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Coarse- and fine-scale patterns of distribution and habitat selection places an Amazonian floodplain curassow in double jeopardy

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Biodiversity and Conservation


Habitat availability, movement patterns and habitat use are driven by the abundance, availability, and distribution of resources, as well as by the landscape structure in which they are distributed (e.g., habitat patches and connectivity between them) (Beyer et al., 2010). Understanding how animals establish and use their home ranges within landscapes in order to meet their resource requirements (e.g., food, water, and breeding habitat) is vital to determine their potential vulnerability to extinction and to successfully design subsequent wildlife management programmes (Morrison, Marcot & Mannan, 1998; Willems & Hill, 2009). Recording movement patterns and habitat use is particularly crucial for threatened taxa. However, this information is often most deficient when populations occur at low densities or are difficult to observe due to evasive behaviour (Rechetelo et al., 2016), or sheer remoteness and inaccessibility of habitat.

It is important to incorporate habitat selection studies into conservation planning (Caughley, 1994), including assessments of both demographic and geographic definitions of rarity (Williams et al., 2009). Demographically rare species are typically expected to find some relief from direct anthropogenic threats, such as hunting, as a result of their low densities, unless they represent a particularly valuable commodity (e.g., ivory) whose value may rise with increased rarity (McClenachan, Cooper & Dulvy, 2016). Geographic rarity, linked to habitat specialisation, is also important in determining a species’ ability to persist in human-disturbed landscapes (Vergara & Armesto, 2009). Unlike habitat generalists, which can change their habitat selection pattern over time (Latta & Faaborg, 2002), more specialised species are confined to a narrow spectrum of habitat types, potentially placing them under additional threats.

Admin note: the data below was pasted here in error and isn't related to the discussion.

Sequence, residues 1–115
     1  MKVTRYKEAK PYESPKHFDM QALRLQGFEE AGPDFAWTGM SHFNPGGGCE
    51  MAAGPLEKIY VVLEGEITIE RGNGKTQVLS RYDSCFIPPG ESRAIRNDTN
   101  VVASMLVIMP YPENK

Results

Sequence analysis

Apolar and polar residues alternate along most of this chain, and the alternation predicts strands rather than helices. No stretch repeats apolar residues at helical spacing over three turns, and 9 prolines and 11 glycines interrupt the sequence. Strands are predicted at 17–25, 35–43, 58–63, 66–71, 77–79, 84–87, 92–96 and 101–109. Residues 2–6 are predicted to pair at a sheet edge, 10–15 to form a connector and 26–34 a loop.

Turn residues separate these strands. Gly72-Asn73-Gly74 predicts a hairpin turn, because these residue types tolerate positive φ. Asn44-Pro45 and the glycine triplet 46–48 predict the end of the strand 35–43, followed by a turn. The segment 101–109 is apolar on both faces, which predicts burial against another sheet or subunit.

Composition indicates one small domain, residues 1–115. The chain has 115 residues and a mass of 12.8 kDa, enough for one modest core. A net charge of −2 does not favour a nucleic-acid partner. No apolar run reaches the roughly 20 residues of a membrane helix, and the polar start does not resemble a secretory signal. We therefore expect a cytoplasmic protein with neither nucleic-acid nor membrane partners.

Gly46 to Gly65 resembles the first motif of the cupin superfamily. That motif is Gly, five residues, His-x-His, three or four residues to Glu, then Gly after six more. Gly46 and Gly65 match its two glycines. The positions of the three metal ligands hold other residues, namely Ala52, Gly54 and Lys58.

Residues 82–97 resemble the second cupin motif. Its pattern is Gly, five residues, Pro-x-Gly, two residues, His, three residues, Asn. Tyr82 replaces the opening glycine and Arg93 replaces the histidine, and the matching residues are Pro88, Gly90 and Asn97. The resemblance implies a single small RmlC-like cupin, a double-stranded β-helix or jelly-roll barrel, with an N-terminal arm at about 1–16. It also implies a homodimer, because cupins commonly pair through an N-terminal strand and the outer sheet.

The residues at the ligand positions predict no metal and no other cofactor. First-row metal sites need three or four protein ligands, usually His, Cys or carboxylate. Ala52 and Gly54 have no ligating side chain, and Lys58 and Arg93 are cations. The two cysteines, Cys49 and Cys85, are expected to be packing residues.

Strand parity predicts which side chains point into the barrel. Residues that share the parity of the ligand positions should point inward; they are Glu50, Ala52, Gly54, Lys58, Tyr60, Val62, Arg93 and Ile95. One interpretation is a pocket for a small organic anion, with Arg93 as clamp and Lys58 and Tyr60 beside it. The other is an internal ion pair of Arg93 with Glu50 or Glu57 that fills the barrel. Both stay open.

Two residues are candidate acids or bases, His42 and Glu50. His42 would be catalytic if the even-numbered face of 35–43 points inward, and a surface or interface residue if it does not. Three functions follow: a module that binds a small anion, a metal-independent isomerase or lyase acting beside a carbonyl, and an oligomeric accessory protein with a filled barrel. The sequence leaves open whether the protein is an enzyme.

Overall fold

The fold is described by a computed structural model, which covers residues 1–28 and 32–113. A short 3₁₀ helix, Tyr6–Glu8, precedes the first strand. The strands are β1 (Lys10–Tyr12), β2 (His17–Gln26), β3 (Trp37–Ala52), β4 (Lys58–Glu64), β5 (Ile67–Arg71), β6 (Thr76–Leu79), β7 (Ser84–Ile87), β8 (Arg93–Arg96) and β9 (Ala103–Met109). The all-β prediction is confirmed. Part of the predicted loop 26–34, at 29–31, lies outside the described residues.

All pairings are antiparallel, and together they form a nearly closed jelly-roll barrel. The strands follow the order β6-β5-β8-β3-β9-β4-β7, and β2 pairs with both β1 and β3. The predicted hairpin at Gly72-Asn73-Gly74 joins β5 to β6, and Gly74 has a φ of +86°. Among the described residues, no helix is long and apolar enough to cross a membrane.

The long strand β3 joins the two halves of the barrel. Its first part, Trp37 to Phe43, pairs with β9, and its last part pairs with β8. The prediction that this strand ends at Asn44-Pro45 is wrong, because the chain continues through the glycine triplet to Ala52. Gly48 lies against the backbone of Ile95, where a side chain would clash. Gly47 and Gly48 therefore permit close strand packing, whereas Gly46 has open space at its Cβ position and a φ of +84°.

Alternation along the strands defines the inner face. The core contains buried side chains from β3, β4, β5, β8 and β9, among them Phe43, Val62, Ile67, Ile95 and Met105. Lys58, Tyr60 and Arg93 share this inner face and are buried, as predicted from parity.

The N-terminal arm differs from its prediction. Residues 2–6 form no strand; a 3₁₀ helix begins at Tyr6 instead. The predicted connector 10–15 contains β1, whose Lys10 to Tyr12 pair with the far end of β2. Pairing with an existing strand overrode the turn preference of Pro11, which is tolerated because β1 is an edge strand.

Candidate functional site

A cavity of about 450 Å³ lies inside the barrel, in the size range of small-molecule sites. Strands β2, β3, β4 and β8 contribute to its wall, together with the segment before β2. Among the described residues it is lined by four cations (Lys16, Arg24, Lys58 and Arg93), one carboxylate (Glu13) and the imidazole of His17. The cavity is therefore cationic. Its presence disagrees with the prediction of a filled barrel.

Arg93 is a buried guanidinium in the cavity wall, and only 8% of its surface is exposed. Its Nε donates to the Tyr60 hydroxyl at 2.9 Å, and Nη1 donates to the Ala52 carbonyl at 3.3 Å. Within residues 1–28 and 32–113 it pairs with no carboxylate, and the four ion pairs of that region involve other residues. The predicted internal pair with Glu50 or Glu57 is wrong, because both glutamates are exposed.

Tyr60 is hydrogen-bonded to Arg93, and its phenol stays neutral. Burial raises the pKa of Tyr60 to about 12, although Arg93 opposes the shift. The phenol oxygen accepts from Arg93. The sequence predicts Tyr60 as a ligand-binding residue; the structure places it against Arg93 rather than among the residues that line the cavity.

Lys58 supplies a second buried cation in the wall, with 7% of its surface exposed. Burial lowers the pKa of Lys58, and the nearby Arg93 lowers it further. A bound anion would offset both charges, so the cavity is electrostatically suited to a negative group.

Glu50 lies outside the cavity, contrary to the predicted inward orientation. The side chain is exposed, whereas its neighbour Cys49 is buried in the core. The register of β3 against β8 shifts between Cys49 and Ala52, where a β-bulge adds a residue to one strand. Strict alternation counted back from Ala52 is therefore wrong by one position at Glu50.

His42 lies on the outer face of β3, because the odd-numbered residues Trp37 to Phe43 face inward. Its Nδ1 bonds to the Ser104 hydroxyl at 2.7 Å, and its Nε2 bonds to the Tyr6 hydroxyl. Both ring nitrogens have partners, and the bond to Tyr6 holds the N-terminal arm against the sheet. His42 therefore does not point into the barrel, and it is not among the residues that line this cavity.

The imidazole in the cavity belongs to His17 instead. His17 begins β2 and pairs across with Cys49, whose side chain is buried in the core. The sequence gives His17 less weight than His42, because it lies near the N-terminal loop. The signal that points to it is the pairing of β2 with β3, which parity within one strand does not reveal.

Habitat loss is a leading driver of population declines and local extinctions, particularly in the tropics, where species may be lost even before habitat associations are understood. This effect is even more critical for species that are naturally rare and endemic to restricted areas (Stattersfield et al., 1998; Pimm & Jenkins, 2010). Projections using human impacts on land use and climate change show that bird species with restricted distributions and specialised habitat requirements tend to lose 50% of their range size within 50 years, placing them under a double-jeopardy of extinction (Jetz, Wilcove & Dobson, 2007). To further compound the problem, restricted geographic distributions potentially place species at risk from heightened hunting pressure (Collar, Wege & Long, 1997).